Monday, May 18, 2009

So close, yet so far

A couple of Sundays ago, Christy and I were working on Indexing projects for the LDS Church.  It's where you look at scanned copies of records in their original handwriting and try to decipher what is on them.   I began working on U.S. Census records, but with my mother as our family genealogist, she encouraged us to begin working on U.K. Land Tax records.

I figured, big deal, this will be easy.  America was principally founded by people from the British Isles, our English language comes from them (but we do drive on opposite sides of the road), so how different--or difficult--could these records be?

Ha!  Much-o difference-o.  Definitely different.  Made me think about how on my Mexican cruise I kept seeing American stores or franchises, yet the Mexican way of life was totally different.  So interesting to me that things can be so similar in a multiplicity of ways, but thinking and ways of life can be so different.

Friday, May 8, 2009

This is the house that Jack built

My view looking directly south from my window.  That canyon on the left, where the mountains dip, is Spanish Fork Canyon.

Some of the twin homes built a few years before our townhouse.  Also look at the flimsy trees just planted in February on our street.  Does anyone know what kind they are?

Living on the second floor of a townhouse in a new subdivision definitely has its perks.  I have an awesome view to the south of the mountains surrounding Spanish Fork Canyon.  I can check how the construction on 400 South is coming along, and before that began I could check the rush hour traffic each day.  It's quiet.  No one really drives down here, and at night you can here crickets and frogs.  Little kids running up and down the street screaming in delight (or anger) can be heard on a regular basis, especially with the increase in warmer weather.  And, something really quite new to me, is the makings of a house.  Or townhouses, to be exact.

While growing up in Bountiful, we had some neighbors move into an empty lot next to us after it had been empty for most of my young childhood.  I still remember the day they came to bulldoze it down.  As kids, we would run around in the alfalfa and long grass, climb and pick peaches from the last of the peach orchard remains, and catch praying mantises and pill bugs.  As the youngest of the Newman clan, I was the only one still fascinated with running around these empty lots.  I remember just wandering around, looking to see if I could find anything of interest to pick up and look at for the day, when I heard a loud rumbling coming down the street.  A bulldozer!  Is it coming to dig up this dirt right here?!  In my mind I knew I was being dramatic, but childhood is so much more fun that way.  However, it really was coming right for that plot of open land.  Run away!  Run for your life!  This was getting exciting, and I didn't want to die by the swoop of a bulldozer!   To this day I'm sure that the guy operating the machine was laughing at a little seven or eight year old girl running out of the lot up to her house, only to sit on the lawn and watch the dirt-digging event unfold.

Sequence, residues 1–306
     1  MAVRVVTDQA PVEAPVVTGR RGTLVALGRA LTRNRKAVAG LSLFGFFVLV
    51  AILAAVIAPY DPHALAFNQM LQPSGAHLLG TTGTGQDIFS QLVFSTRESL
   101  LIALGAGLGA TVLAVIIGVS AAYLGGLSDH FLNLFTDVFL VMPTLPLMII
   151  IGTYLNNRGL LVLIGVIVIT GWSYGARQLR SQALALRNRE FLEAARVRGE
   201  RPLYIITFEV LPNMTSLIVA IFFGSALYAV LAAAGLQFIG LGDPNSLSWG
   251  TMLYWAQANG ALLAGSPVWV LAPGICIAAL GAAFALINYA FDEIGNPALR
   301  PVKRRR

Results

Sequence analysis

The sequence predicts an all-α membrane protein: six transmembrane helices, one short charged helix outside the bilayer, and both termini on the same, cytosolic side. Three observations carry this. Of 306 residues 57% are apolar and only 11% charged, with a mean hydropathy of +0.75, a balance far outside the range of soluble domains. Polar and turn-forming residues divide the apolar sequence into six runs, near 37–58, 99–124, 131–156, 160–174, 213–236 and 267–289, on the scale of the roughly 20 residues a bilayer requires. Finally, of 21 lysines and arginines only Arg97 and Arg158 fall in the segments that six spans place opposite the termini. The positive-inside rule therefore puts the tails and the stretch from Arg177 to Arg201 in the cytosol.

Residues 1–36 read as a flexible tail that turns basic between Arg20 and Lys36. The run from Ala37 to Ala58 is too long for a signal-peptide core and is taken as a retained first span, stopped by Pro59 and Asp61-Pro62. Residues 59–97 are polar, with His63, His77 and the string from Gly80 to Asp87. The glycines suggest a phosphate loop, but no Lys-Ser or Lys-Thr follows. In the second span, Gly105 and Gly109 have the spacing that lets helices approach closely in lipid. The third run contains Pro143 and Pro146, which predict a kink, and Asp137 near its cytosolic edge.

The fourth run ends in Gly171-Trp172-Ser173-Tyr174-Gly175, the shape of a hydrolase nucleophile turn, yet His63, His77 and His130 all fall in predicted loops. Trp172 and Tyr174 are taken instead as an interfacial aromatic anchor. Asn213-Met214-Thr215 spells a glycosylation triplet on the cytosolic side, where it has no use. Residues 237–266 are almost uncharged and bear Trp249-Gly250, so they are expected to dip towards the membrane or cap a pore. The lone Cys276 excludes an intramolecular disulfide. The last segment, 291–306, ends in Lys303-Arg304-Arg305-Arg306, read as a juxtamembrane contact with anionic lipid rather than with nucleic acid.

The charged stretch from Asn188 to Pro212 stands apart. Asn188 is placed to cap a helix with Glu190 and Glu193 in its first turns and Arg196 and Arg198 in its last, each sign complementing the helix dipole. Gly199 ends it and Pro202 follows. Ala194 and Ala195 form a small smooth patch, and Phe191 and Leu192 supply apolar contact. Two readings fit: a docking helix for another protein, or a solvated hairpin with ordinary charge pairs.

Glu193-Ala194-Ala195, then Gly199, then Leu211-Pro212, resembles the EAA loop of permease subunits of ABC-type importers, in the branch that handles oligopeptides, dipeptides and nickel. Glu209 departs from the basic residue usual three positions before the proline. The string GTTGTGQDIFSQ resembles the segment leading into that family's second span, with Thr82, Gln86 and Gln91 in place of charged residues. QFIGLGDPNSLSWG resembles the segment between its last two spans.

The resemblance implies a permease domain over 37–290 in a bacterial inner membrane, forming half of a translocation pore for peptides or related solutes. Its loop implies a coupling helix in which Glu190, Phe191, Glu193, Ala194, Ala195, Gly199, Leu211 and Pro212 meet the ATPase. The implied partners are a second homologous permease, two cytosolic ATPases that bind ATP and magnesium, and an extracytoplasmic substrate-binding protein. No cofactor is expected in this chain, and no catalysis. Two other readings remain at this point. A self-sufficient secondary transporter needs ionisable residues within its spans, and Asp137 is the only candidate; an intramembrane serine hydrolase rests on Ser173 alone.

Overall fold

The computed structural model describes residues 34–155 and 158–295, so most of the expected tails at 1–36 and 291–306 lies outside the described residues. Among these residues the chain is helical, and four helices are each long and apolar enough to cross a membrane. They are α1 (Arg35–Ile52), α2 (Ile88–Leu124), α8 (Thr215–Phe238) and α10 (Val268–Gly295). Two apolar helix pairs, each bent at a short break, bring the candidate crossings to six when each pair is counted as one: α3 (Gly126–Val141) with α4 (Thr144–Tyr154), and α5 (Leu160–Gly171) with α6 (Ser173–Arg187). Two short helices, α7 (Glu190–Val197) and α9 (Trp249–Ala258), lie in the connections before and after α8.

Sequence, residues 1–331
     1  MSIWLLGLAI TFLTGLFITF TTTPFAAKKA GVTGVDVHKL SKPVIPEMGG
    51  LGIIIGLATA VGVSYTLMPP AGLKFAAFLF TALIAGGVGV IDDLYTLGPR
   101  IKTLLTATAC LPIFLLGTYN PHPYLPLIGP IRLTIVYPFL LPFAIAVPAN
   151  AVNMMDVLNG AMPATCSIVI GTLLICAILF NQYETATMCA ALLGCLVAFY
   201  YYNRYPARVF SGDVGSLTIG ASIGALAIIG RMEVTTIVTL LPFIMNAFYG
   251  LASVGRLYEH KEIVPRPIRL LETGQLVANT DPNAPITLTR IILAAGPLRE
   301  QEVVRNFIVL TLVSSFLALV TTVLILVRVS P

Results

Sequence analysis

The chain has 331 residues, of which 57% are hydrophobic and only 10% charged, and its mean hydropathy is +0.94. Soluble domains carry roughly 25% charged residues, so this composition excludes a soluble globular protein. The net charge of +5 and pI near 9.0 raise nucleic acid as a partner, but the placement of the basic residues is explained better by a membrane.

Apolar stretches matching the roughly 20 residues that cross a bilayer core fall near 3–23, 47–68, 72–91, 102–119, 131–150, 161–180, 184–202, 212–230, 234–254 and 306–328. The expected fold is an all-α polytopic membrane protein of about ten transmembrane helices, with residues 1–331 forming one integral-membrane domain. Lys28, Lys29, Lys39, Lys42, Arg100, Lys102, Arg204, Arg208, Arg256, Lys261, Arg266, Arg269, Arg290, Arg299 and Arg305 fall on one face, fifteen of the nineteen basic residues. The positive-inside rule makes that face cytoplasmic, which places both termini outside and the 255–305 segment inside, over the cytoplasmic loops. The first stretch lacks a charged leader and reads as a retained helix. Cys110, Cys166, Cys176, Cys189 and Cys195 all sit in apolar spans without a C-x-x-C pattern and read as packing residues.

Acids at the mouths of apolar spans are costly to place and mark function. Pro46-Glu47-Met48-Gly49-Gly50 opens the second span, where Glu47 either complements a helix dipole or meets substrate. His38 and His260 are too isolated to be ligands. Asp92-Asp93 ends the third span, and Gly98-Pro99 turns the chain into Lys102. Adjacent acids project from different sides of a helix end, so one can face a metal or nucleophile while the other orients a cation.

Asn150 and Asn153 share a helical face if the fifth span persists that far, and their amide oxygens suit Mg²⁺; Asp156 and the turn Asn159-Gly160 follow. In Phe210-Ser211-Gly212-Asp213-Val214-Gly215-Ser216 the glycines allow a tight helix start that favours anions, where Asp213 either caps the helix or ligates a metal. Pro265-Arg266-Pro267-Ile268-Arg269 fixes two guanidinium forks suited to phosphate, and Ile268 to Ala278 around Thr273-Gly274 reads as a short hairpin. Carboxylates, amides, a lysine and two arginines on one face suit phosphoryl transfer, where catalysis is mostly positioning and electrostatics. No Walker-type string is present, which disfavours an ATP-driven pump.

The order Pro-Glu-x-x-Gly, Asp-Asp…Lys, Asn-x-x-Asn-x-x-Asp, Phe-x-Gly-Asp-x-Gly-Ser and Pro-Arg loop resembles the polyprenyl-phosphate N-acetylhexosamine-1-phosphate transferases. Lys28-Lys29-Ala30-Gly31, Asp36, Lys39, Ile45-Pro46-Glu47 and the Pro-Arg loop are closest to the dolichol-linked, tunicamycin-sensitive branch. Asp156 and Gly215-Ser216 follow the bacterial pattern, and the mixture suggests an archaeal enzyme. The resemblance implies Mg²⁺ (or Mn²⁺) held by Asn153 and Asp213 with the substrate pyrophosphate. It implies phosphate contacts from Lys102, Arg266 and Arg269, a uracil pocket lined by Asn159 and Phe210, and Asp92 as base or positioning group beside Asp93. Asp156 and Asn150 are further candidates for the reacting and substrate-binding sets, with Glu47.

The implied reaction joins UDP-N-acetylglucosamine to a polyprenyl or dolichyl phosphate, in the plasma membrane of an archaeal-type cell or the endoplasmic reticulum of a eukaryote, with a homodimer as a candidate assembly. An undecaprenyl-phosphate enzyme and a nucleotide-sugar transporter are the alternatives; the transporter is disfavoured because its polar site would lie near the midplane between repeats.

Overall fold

Well, our neighbors built their home, but unfortunately I never really took note of how they did it.  Part of that could have been due to the fact that our house is on higher ground, and the large cement retaining wall hid much or what was happening.  However, my big chance has come again, and I get to watch them build the townhouses from the start to finish right from my very window--pretty impressive front row seats, I might add.

Each morning, if I'm not already up, I am alerted to the beginning of the day by the sounds of something being hit by something else, or the sound of diesel engines running, or the back of forth of workers in mixed English and Espanol.  Today, as it was my day off, while I was working from my computer and fixing lunch, I would look out the window to watch the mix and pour the cement.  Quite fascinating how many times they go over the stuff to try and smooth it out as much as possible.  And, I am impressed by the aiming and estimation of where and how much cement to pour--you really don't want to make a mistake with that stuff coming down the chute pretty quickly.

Before that I saw them dig the foundations, set up the wooden frames to pour the foundations, take them off, spray them with some black stuff that looks like waterproofing stuff, fill up the foundations (these have no basements), make sure the important pipes are wall marked before they poured the cement, and now the pouring of the cement.  No wonder homes cost so much.   This has been taking weeks to just get this far, and a lot of people are involved.